Is the Next Generation of Gaming reaching for the Cloud?
Microsoft’s next-generation console set to hit the market in Holiday 2020, but the tech giant may have yet another ace up its sleeve to redefine the new era of gaming
Cross-play, backwards compatibility and true 4K mark just the beginning of the feats the ninth-generation console of Microsoft is capable of.
Microsoft is geared up to take gaming to the next generation with the powerful new Xbox Series X, boasting of a GPU delivering twice as much as power as its predecessor, a solid-state drive and the revolutionary Xbox Velocity architecture, optimised to deliver speed and performance never seen before.
While the world is anticipating a fierce contention between Sony’s PlayStation 5 and the Xbox Series X as they enter the market, the executive in charge of Xbox, Phil Spencer is nonchalant on the subject of console wars with contemporaries and has more expansive plans to make gaming accessible across platforms: with or without a console.
Xbox, Out of the Box
Back in the Electronic Entertainment Expo of 2018, Microsoft teased project xCloud, a video game streaming service, granting users the ability to bring their favourite Xbox titles to any screen they desired, made possible through Azure cloud servers.
Flash-forward in time to March 2020: With ample time to improvise, Microsoft began testing xCloud (Preview) across 11 European countries, with plans for a bigger launch in the latter half of the year.
A commercially ready xCloud service would be akin to Netflix, if Netflix were a video game streaming service, enabling players to stream titles across myriad of platforms: phones, tablet computers, televisions and laptops; even without the ownership of the console.
But the question poses itself: Why is Microsoft simultaneously developing a gaming console and a game streaming service at the same time?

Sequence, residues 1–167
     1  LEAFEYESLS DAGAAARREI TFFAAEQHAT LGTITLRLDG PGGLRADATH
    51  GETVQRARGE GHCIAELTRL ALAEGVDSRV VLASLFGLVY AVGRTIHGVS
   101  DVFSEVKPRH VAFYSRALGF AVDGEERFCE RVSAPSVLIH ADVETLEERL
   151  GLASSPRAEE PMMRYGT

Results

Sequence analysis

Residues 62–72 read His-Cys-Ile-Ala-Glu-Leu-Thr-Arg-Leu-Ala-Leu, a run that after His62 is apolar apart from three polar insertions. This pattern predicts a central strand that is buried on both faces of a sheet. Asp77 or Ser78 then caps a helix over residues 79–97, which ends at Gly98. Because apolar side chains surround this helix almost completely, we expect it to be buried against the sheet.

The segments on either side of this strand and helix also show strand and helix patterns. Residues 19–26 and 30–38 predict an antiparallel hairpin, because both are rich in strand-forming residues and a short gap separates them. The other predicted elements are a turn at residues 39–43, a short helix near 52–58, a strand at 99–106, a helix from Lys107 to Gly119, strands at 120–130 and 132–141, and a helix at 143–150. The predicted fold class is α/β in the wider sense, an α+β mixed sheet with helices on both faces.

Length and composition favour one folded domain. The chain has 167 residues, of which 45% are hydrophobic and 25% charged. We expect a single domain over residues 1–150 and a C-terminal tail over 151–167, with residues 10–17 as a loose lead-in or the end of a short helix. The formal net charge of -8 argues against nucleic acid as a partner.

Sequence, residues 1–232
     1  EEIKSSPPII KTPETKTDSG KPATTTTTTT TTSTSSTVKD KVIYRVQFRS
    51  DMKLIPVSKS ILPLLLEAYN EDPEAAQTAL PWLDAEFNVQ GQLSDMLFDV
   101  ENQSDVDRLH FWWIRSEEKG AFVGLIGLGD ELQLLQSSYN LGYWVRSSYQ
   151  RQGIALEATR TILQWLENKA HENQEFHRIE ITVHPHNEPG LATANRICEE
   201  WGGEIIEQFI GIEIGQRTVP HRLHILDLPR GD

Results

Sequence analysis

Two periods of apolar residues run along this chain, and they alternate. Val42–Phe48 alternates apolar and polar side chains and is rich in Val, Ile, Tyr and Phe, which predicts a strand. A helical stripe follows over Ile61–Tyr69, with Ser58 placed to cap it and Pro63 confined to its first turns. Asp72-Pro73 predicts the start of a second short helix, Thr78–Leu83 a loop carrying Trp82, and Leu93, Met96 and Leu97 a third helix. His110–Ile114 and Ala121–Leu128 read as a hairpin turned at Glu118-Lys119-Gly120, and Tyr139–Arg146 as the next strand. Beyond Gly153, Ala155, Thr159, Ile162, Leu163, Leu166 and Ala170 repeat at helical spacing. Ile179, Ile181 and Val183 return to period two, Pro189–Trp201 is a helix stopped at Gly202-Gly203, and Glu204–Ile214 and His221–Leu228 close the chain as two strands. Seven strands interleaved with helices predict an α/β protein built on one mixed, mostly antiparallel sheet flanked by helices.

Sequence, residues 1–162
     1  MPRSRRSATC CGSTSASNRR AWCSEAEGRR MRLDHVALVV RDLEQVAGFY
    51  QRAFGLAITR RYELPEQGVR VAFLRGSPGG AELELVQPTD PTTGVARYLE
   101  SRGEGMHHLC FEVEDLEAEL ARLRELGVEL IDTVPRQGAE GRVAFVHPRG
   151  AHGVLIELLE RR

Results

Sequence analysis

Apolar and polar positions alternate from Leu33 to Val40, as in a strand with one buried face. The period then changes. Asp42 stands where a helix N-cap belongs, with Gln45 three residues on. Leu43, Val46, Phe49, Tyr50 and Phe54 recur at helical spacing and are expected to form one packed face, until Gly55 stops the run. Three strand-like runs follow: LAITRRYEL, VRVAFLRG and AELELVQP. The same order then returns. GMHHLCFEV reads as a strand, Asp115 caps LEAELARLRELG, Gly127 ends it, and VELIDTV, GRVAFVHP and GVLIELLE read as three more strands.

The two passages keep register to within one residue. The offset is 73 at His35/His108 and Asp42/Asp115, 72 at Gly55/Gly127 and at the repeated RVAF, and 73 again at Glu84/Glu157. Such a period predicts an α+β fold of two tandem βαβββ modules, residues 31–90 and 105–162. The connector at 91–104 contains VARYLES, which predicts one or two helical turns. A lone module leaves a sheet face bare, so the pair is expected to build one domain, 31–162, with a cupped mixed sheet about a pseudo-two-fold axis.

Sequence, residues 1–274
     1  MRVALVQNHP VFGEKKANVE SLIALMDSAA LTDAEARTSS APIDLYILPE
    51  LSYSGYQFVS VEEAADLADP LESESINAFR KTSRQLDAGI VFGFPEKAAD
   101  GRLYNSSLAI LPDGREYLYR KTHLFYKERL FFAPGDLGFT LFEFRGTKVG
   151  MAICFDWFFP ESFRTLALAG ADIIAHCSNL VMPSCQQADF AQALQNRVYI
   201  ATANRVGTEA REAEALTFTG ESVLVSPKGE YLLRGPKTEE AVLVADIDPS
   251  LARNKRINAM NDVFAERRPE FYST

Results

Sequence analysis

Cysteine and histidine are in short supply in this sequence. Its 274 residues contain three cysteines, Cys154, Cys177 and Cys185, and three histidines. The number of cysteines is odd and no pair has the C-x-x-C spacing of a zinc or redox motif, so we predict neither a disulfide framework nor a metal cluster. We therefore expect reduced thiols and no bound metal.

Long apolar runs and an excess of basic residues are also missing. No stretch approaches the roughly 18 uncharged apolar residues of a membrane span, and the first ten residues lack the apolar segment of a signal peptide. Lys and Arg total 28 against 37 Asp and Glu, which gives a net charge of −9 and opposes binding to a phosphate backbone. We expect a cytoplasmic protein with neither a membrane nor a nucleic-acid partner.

The realisation that success in the video game industry has more metrics to it than just console sales dawned upon Microsoft ahead of the 2019 E3. Spencer had realised long ago that ‘the business isn’t how many consoles you sell’, and has since been unperturbed about the performance of consoles in sales.
Therefore, a clear, concise answer would be that Microsoft is expanding the horizons of its services, upon realising that the market offers more uncharted destinations to conquer in the next generation. Video game streaming is yet another market that Microsoft is aiming to set foot in, and it has already taken its first step.
It’s evident that Microsoft will soon be ready to stream titles across any compatible device with a screen in no time. The bigger question now is whether the world is ready for it. As it happens, not too long ago another tech giant decided to leap into the video game streaming business, albeit too early, and too impulsively.
The Commercial Failure of Google Stadia
In November 2019 Google took a leap of faith and rolled out a cloud-based video game streaming platform called Stadia.
Stadia wasn’t your traditional gaming console; as a matter of fact, the Stadia wasn’t a console at all and came with just a controller. The platform featured high-speed video game streaming up to full 4K resolution which could be accessed through mobile phones, tablet computers, PC, laptop computers and Chromecast.
In theory, the Stadia was a disruptive piece of tech, notably owing to its first approach at its characteristic platform-agnostic attribute. So what went wrong?
Google bravely attempted to eliminate the prerequisite to make hefty investments in hardware in order to play titles but ended up requiring heftier amounts in instalments, especially with its problematic subscription model. On top of the monthly $10 subscription fee, the business model had one buying the titles they would want to pay separately. For the same price, Xbox Game Pass offers a library of over 100 games available instantly for download and play.
The next big problem for Stadia was the commodification of the streaming service. Streaming itself isn’t so much as a product than it is a medium, and having to pay a monthly fee for the medium is less than impractical. With the conclusion of the episode of Stadia, Google certainly will remember to look before taking their next leap.
While Microsoft seems to be making all the right choices in realising their ideal of building a world where one is empowered to play wherever they want, whenever they want, on whichever device they want, and with whomever they want: will the odds roll in their favour, or will unprecedented circumstances change the course of gaming yet again?
It remains to be answered.
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